DYNAMIC TERRAMECHANIC MODEL FOR LIGHTWEIGHT WHEELED MOBILE ROBOTS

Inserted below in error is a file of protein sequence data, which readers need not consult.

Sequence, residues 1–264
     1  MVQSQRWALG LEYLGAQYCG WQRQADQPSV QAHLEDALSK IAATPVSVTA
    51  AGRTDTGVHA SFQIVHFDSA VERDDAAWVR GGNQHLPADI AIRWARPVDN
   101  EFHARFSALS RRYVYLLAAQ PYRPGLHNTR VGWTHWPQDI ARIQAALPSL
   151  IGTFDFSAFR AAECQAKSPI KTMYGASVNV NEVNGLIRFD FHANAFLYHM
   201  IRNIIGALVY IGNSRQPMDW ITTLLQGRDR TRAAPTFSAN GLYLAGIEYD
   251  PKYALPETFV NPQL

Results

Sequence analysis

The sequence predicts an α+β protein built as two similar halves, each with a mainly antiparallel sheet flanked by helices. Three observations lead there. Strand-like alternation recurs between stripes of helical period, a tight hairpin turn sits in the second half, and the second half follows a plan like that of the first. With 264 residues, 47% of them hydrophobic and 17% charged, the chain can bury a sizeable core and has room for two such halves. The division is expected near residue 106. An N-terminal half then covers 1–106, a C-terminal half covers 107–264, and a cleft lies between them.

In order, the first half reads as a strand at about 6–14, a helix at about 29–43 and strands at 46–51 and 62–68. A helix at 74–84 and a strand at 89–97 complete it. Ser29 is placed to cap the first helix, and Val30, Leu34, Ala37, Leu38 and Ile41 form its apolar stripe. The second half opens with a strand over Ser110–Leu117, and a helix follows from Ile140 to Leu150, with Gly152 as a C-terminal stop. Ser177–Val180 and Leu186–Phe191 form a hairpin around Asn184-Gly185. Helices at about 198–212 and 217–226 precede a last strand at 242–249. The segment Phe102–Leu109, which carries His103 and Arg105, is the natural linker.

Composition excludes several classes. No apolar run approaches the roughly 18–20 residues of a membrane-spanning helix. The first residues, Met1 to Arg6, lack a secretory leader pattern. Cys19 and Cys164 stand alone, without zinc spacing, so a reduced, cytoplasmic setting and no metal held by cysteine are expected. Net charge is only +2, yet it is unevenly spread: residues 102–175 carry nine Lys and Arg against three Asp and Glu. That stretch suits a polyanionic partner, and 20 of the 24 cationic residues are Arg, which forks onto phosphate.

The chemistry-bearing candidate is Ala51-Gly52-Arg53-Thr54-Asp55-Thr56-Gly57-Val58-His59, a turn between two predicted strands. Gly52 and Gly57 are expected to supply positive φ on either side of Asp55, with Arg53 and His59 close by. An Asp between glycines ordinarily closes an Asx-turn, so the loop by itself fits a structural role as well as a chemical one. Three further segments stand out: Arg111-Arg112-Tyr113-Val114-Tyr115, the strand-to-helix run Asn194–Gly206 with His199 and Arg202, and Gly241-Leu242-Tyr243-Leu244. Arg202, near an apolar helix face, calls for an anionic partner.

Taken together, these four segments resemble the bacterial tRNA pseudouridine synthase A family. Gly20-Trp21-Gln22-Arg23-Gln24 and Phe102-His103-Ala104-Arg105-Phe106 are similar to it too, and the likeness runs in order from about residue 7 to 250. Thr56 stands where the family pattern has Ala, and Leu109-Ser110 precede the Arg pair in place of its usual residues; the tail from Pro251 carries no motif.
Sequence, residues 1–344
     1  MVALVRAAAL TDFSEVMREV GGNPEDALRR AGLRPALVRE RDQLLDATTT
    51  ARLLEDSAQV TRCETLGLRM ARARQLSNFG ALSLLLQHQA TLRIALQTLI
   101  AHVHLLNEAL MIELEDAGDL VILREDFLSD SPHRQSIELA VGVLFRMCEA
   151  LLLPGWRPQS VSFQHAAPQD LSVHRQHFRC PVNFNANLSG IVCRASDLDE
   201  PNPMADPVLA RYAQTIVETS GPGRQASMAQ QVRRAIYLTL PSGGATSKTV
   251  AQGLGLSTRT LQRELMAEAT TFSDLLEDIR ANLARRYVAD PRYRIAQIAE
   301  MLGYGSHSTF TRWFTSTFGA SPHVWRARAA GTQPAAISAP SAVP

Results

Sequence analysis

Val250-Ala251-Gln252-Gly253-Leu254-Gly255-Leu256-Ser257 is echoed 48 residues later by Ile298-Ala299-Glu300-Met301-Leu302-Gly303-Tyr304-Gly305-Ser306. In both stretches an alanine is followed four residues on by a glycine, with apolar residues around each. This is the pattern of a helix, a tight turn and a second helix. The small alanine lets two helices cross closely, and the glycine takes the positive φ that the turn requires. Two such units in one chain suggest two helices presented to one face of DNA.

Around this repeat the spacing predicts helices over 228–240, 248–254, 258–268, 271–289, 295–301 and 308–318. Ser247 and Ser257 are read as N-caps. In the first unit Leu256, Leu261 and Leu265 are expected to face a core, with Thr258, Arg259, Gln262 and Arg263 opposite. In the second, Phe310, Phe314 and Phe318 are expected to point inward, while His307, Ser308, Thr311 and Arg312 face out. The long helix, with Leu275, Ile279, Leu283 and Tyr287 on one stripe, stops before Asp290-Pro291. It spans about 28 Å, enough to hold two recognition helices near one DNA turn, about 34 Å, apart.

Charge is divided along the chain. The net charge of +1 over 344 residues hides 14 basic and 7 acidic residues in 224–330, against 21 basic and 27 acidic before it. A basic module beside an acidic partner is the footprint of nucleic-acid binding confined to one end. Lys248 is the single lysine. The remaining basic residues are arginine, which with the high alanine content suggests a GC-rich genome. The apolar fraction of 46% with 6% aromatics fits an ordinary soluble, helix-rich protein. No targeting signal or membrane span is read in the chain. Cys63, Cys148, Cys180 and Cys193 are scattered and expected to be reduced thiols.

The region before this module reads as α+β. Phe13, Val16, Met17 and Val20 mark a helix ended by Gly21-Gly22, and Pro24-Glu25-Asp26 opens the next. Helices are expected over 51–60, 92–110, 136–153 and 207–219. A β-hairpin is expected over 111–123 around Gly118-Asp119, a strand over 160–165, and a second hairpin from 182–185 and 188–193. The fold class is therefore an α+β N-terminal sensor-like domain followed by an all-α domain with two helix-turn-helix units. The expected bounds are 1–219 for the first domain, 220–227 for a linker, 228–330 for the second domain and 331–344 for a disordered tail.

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This doctoral thesis extends analytical terramechanic modelling for small lightweight mobile robots operating on sandy soil. Previous terramechanic models were designed to capture and predict the mean values of the forces and sinkage that a wheel may experience. However, these models do not capture the fluctuations in the forces and sinkage that were observed in experimental data. The model developed through the course of this research enhances existing terramechanic models by proposing and validating a new pressure-sinkage relationship. The resulting two-dimensional model was validated with a unique high fidelity single-wheel testbed (SWTB) which was installed on a Blohm Planomat 408 computer-numerically controlled creepfeed grinding machine. The new SWTB translates the terrain in the horizontal direction while the drivetrain and wheel support systems are constrained in the horizontal direction but allowed to freely move in the vertical direction. The design of the SWTB allowed for a counterbalance to be installed and, as a result, low normal loads could be examined. The design also took advantage of the grinding machine's high load capacity and precise velocity control. Experiments were carried out with the new SWTB and predictable repeating ridges were found in the track of a smooth rigid wheel operating in sandy soil. To ensure that these ridges were not an artifact of the new SWTB a mobile robot was used to validate the SWTB findings, which it did. The new SWTB is a viable method for investigating fundamental terramechanic issues. A series of experiments at different slip ratios and normal loads were carried out on the SWTB to validate the new pressure-sinkage relationship which explicitly captures and predicts the oscillations about the mean values for the forces and sinkage values for both a smooth wheel and a wheel with grousers. The new pressure-sinkage relationship adds two new dimensionless empirical factors to the well known pressure-sinkage relationship for a rigid wheel. The first new factor accounts for changes in the local density of the terrain around the wheel and the second factor accounts for the effects grousers have on the forces and sinkage.